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How to run BLDC motor from an old printer

Discussion in 'General Electronics Discussion' started by Lesterz, Mar 8, 2018.

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  1. Lesterz


    Mar 8, 2018
    I have the following 8 wire 24v 1.6A 19w BLDC motor from an old printer that I want to use to run a rock tumbler for my young grandson. I have searched the Web with no success on how to wire it. I would like to run it on 12v so I can use an old charger to supply power. I realise this may mean that it will run slower.
    I have tried to connect various wires, but nothing moves. I am very new to the dark arts of electronics but am keen to learn.
    Can I in fact run this from a 12v supply?
    If so, what wires do I connect to what?
    Do I need a controller of some sort to make it work?
    Thanks in advance.
    Lesterz 20180307_180335[2].jpg 20180307_173255[1].jpg
  2. (*steve*)

    (*steve*) ¡sǝpodᴉʇuɐ ǝɥʇ ɹɐǝɥd Moderator

    Jan 21, 2010
    That appears to require 24V.

    The other connections may require other voltages (e.g. 5V) or may need to be grounded, or may require a signal (I don't know which).

    The motor itself appears to have just 3 wires. Those 8 wires connect to a controller that does all the hard work of driving the motor. Oh there are also 2 wires which are probably a position sensor from the motor too.
  3. kellys_eye


    Jun 25, 2010
    The motor is 'like' a 3-phase motor, the windings are visible as U,V and W.

    See this datasheet for all the dirt on how they work and how they are driven:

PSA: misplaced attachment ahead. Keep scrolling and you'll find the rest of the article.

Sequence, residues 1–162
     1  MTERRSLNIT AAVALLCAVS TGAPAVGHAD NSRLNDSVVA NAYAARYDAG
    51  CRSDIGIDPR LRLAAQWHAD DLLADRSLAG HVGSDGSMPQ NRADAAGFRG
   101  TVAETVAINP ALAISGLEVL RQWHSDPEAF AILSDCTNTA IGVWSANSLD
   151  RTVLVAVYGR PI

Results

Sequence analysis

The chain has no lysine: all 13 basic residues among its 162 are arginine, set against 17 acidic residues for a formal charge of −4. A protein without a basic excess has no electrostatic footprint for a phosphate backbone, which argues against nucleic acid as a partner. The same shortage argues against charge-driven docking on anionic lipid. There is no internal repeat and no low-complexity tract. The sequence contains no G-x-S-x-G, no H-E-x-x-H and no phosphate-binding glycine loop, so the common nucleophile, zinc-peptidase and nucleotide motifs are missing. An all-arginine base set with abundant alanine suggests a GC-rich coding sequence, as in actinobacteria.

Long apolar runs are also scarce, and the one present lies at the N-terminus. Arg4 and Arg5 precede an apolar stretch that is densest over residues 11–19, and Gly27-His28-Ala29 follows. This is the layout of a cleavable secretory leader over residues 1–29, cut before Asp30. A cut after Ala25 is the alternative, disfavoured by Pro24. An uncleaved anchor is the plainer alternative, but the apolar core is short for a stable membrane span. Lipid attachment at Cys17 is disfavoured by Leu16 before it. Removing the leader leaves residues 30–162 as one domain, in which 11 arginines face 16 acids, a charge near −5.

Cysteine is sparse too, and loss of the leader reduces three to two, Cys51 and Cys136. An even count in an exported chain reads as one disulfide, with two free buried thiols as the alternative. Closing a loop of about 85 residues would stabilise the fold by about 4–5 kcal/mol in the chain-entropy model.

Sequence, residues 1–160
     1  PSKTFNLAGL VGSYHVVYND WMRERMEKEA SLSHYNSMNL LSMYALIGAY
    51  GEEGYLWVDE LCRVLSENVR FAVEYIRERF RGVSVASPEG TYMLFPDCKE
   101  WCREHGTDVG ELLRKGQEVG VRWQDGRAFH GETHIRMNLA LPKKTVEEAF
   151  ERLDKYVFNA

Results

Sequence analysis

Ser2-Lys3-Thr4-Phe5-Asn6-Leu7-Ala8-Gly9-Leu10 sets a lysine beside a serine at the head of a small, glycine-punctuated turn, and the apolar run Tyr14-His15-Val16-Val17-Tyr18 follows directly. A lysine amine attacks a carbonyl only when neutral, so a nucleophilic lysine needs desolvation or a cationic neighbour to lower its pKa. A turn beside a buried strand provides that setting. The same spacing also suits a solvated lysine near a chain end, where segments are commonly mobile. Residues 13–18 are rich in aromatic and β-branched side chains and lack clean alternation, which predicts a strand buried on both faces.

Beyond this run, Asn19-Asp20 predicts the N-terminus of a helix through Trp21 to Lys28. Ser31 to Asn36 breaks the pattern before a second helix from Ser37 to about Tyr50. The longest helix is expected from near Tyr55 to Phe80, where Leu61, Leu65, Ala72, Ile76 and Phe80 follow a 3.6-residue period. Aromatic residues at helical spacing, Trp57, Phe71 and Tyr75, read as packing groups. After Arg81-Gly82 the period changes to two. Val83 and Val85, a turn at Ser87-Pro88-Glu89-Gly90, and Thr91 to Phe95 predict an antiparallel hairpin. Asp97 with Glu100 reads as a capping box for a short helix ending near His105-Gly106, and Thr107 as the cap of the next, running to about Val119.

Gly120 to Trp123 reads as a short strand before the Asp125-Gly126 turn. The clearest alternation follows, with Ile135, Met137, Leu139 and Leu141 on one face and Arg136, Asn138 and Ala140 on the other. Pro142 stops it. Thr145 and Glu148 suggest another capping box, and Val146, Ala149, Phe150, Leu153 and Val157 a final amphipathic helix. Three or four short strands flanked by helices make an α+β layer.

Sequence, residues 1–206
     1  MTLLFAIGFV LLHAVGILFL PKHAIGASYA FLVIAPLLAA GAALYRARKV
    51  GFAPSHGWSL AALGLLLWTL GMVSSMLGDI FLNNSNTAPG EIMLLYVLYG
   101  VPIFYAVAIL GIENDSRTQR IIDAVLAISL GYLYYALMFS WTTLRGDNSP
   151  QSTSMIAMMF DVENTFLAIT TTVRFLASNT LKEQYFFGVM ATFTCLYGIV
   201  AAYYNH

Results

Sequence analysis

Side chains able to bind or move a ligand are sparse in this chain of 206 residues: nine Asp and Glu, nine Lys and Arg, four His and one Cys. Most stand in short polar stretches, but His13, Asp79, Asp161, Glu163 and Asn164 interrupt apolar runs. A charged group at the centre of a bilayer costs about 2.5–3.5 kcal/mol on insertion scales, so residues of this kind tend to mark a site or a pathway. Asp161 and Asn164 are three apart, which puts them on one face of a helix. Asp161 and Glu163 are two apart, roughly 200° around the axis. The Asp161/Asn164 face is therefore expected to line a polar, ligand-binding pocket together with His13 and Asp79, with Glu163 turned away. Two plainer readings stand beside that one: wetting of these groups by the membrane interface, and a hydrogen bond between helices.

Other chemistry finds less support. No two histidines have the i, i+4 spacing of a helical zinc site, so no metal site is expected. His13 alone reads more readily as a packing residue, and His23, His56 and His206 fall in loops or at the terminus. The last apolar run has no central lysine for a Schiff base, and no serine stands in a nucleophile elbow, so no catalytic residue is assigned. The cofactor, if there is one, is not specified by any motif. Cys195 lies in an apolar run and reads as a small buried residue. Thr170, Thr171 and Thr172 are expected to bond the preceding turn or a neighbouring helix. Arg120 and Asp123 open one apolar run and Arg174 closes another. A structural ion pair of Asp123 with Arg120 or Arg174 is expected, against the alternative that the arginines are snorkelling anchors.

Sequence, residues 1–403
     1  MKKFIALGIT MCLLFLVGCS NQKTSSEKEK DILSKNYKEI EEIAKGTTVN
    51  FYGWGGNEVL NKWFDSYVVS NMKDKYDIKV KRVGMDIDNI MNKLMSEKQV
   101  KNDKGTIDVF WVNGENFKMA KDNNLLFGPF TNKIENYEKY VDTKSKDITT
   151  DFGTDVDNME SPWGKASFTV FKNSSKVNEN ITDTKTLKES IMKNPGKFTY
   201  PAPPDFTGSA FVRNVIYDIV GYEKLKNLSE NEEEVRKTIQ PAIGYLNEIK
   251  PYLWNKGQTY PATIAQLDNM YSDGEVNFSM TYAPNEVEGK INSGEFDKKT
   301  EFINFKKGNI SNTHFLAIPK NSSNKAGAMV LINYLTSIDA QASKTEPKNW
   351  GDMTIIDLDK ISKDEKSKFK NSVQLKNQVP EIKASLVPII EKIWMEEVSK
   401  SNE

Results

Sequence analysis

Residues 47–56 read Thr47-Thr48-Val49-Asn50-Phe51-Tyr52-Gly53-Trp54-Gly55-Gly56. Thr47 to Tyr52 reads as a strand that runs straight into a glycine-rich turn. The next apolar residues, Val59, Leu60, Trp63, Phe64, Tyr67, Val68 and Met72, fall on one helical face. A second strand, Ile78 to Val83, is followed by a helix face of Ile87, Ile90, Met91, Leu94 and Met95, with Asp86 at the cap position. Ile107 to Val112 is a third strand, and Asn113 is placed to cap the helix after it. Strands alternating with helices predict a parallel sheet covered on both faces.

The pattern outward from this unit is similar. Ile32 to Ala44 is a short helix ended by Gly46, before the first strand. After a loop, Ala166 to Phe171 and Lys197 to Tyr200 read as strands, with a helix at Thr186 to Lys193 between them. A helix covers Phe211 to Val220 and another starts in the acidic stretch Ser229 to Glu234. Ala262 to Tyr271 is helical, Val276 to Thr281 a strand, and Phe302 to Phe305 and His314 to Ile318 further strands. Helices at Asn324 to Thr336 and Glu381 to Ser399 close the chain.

They can be driven 'simply' using discrete electronics or controlled accurately as per all the gumph on the PCB attached to it. The board connections seem reasonably minimal so it should be possible to get it going using external signals without too much complication but you won't get it to work on anything less than the 24V it states.

    Check Youtube for simple control - I believe these motors have been readily experimented with and information is all over the place.

    To use it 'as is' you can try the manufacturers manual for the printer it came from and determine the signals necessary to drive it - I note that the main IC is missing its heatsink too - that's a no-no as it will overheat the minute you try to drive the motor.

    If the main IC has an identification code then looking up the data sheet for it often reveals the circuitry used around it and can show how to interface the board too.

    Personally I wouldn't bother - find a simple, cheap, DC motor to do the job - something like an old wind screen wiper motor would be ideal.


    May 20, 2017
    Best guess is that it is a 2 phase stepper motor. These are fairly straightforward to drive with a bit of associated electronics.
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